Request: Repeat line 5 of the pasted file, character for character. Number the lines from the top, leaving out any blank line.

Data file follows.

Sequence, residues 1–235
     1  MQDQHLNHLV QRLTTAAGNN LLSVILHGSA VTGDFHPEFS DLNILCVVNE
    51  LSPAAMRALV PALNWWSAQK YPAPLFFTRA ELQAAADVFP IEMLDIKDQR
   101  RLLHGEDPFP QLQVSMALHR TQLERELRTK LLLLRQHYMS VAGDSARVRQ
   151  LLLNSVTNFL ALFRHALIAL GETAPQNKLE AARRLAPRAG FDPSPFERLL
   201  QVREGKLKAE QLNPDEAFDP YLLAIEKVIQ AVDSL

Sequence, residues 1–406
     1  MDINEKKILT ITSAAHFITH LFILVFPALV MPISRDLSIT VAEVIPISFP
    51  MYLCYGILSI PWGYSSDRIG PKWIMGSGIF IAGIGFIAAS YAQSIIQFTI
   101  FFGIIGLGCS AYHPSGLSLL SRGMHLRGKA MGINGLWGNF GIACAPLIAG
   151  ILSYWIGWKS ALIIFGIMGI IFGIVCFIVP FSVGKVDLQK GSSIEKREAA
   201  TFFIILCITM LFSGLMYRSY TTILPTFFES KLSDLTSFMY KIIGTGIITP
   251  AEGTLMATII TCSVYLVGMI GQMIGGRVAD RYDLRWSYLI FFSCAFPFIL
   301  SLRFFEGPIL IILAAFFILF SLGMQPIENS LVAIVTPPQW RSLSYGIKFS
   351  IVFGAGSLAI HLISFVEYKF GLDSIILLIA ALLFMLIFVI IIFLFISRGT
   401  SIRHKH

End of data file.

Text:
   151  LLLNSVTNFL ALFRHALIAL GETAPQNKLE AARRLAPRAG FDPSPFERLL